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Localization of nitric oxide synthase in the tree shrew retina

  • QI-LIN CAO (a1) (a2), HEATHER A. MURPHY (a1) and HEYWOOD M. PETRY (a1) (a3)
    • Published online: 01 May 1999
Abstract

Nitric oxide (NO) is a novel neuronal messenger that likely influences retinal function by activating retinal guanylyl cyclase to increase levels of cGMP. In the present study, the localization of neuronal nitric oxide synthase (nNOS, Type I NOS) in the cone-dominant tree shrew retina was studied using NADPH-d histochemistry and nNOS immunocytochemistry. Both NADPH-d and nNOS-immunoreactivity (IR) labeled the inner segments of rods and the myoids of a regular subpopulation of cones, with their corresponding nuclei outlined. The labeled cone myoids were co-localized with a marker for short-wave-sensitive (SWS) cones (S-antigen) and also displayed the regular triangular packing and density (7%) characteristic of SWS cones in tree shrew and other mammalian retinas. These measures confirmed the identity of the labeled cones as SWS cones. Photoreceptor ellipsoids of all cones were strongly labeled by NADPH-d reactivity, but lacked nNOS-IR. Another novel finding in tree shrew retina was that both NADPH-d and nNOS-IR labeled Müller cells, which have not been labeled by nNOS-IR in other mammalian retinas. Consistent with findings in rod-dominant retinas, two types of amacrine cells at the vitreal edge of the inner nuclear layer and a subpopulation of displaced amacrine cells at the scleral edge of the ganglion cell layer were labeled by both NADPH-d and nNOS-IR. Processes of these labeled cells were seen to extend into the inner plexiform layer, where dense punctate label was seen, especially in the central sublamina. These results show that localization of NOS in the cone-dominant tree shrew retina shares some common properties with rod-dominant mammalian retinas, but also shows some species-specific characteristics. The new finding of nNOS localization in tree shrew SWS cones and rods, but not in other cones, raises interesting questions about the roles of NO in the earliest level of visual processing.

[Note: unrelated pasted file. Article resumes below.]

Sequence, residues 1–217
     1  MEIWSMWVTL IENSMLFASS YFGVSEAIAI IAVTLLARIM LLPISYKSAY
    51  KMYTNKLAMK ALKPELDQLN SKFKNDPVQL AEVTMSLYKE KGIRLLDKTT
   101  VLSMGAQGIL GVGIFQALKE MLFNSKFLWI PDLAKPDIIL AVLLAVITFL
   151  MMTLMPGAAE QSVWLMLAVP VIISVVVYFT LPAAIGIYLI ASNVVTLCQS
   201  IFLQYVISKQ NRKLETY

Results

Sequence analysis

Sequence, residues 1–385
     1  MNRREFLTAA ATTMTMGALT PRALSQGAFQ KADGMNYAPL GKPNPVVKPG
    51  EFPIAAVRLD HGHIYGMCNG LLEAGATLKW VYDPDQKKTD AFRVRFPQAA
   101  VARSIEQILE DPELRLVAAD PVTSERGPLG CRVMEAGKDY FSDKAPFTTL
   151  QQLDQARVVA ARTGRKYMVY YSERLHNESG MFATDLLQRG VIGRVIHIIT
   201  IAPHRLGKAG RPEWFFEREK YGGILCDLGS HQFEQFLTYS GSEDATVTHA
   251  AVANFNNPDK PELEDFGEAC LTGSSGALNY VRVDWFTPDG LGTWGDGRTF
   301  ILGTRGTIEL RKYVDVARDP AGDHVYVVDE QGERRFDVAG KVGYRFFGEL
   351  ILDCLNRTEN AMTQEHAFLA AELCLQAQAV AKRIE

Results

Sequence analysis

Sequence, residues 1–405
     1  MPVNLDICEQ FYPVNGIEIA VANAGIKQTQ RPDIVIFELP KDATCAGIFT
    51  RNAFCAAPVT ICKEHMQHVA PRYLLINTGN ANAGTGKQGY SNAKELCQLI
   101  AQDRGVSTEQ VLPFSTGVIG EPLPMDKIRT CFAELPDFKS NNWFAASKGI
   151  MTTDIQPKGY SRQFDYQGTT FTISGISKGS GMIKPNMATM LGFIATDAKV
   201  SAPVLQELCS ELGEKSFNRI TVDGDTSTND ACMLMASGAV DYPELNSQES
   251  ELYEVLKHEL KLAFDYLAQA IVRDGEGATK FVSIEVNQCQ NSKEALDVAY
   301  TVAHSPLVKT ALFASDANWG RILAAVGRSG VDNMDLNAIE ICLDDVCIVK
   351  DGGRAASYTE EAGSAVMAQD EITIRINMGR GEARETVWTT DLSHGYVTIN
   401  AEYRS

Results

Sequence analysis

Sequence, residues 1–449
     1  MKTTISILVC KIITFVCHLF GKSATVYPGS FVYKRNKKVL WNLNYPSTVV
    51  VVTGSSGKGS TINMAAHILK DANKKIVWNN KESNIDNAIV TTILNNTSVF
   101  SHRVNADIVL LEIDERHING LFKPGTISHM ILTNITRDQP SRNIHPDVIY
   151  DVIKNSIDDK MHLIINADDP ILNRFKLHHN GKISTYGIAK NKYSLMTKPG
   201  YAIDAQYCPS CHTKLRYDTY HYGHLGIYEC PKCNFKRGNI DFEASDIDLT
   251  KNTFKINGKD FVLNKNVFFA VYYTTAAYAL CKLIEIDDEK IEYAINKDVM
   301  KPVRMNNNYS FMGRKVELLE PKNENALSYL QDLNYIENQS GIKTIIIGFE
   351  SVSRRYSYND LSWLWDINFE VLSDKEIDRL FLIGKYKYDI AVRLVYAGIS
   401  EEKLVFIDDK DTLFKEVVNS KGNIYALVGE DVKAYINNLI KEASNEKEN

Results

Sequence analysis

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Corresponding author
Correspondence and reprint requests to: Heywood M. Petry, Department of Psychology, Life Sciences Building, Room 317, University of Louisville, Louisville, KY 40292, USA.
Footnotes
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In an attempt to improve morphological detail, we used postembed immunocytochemistry to visualize nNOS distribution in 2–5 μm sections of retinal tissue embedded in PolyBed812. Although these procedures had previously proven quite adaptable to immunocytochemistry (Petry et al., 1993) and amacrine cell labeling was quite obvious, we never observed any clear photoreceptor labeling in the postembed tissue, even using a variety of nNOS antibodies (INCSTAR; Transduction Labs, Lexington KY; and JH85AP4 a gift of Dr. T.M. Dawson). These difference in labeling in cryostat sections and in embedded sections are likely due to an overall reduction in antigenicity following the embedding process and/or a reduced amount of nNOS in photoreceptors compared to amacrine cells.
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Visual Neuroscience
  • ISSN: 0952-5238
  • EISSN: 1469-8714
  • URL: /core/journals/visual-neuroscience
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